(Adds details throughout on alleged money laundering scheme)
By Gram Slattery and Pedro Fonseca
RIO DE JANEIRO, May 28 (Reuters) - Prosecutors in Brazil criticized compliance standards at Brazilian bank Banco Bradesco SA on Tuesday, after requesting that a federal court issue an arrest warrant for two branch managers allegedly involved in a vast money laundering scheme.
In a statement, federal prosecutors in Rio de Janeiro asked for the temporary jailing of Tânia Maria Aragão de Souza Fonseca and Robson Luiz Cunha Silva, both bank managers in the city. They also asked for the jailing of businessman Júlio César Pinto de Andrade.
Prosecutors in the case are part of Brazil’s ‘Car Wash’ task force, an investigative squad that has uncovered vast levels of corruption at major companies and every level of government. While their probe focused on kickbacks paid to executives of state-run companies, it has spiraled outward in recent years to various industries.
They described the three suspects as co-conspirators in cahoots with corrupt operatives of Sérgio Cabral, a jailed former governor of Rio de Janeiro state who is serving more than 100 years in prison for multiple corruption charges.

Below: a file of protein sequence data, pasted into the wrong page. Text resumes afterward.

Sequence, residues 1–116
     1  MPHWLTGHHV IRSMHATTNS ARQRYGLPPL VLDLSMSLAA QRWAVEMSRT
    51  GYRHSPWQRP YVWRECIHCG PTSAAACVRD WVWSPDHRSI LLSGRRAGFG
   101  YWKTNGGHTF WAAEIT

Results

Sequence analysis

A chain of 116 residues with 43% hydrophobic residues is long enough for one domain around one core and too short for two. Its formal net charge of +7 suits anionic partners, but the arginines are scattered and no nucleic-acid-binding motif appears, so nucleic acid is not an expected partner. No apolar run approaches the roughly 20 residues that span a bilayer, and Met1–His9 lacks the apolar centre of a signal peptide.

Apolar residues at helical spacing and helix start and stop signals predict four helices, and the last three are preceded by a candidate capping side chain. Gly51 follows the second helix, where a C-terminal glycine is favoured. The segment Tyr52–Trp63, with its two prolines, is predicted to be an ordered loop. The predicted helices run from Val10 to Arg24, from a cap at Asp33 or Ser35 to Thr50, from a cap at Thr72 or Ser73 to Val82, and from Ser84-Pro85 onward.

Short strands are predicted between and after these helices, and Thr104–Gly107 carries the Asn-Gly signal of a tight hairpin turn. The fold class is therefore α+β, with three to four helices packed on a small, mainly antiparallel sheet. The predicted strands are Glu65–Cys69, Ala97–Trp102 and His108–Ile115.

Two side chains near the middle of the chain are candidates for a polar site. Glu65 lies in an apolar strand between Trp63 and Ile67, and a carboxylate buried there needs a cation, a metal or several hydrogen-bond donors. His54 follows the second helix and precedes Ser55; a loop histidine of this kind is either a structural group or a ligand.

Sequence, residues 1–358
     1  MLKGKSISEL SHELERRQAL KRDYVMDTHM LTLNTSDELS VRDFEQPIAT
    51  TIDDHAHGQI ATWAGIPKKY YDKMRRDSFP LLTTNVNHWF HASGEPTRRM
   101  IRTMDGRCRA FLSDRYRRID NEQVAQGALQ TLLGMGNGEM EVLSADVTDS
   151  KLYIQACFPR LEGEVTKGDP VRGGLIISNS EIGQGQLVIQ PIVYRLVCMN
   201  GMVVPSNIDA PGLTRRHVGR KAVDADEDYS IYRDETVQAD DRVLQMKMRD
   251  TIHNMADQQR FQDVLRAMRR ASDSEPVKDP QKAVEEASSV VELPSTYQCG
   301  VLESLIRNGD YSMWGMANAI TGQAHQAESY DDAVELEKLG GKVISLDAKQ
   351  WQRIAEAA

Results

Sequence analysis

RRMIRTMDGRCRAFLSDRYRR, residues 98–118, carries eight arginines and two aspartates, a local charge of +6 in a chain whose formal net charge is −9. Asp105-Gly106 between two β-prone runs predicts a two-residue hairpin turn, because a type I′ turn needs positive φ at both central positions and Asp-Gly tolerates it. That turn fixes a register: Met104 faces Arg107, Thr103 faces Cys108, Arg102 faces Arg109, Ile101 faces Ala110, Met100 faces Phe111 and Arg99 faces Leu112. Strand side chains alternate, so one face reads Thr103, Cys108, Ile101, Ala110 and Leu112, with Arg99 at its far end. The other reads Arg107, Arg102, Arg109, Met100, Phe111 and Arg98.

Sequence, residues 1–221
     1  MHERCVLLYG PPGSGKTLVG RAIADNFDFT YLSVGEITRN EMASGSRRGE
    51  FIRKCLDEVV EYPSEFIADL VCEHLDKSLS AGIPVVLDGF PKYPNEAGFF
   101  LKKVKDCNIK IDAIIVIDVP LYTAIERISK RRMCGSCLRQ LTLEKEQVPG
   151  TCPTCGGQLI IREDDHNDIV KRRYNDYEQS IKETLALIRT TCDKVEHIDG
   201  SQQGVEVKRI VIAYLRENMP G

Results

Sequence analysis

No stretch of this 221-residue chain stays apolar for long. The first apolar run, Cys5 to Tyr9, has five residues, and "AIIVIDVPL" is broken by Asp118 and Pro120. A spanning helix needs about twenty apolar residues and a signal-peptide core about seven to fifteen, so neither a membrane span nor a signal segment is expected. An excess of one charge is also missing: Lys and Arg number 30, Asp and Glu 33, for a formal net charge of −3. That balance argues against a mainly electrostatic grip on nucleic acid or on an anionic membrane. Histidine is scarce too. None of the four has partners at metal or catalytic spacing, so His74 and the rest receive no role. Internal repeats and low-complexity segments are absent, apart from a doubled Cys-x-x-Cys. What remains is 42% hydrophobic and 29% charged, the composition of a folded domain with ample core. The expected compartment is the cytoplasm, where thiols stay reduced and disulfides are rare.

Using a complex scheme involving shell companies, fraudulent checks and bank slips, the three arrested individuals helped launder nearly 1 billion reais ($249 million), prosecutors said.
“The evidence collected here doesn’t leave any room for doubt that the financial institutions where these accounts were opened, particularly Banco Bradesco, did not comply with compliance standards,” federal prosecutors in Rio de Janeiro said.
Bradesco said in a statement that it will make itself fully available to authorities and will investigate the accusations when they become “officially available.” It added that it rigorously observes the “norms of ethical conduct.”
The individuals named in the case could not immediately be located by Reuters.
Brazil-listed preferred shares in Bradesco were down 0.5% in morning trade, while the benchmark Bovespa index was roughly flat.
($1 = 4.02 reais)
Reporting by Pedro Fonseca and Gram Slattery Additional reporting by Alberto Alerigi Jr. in Sao Paulo Editing by Chizu Nomiyama and Steve Orlofsky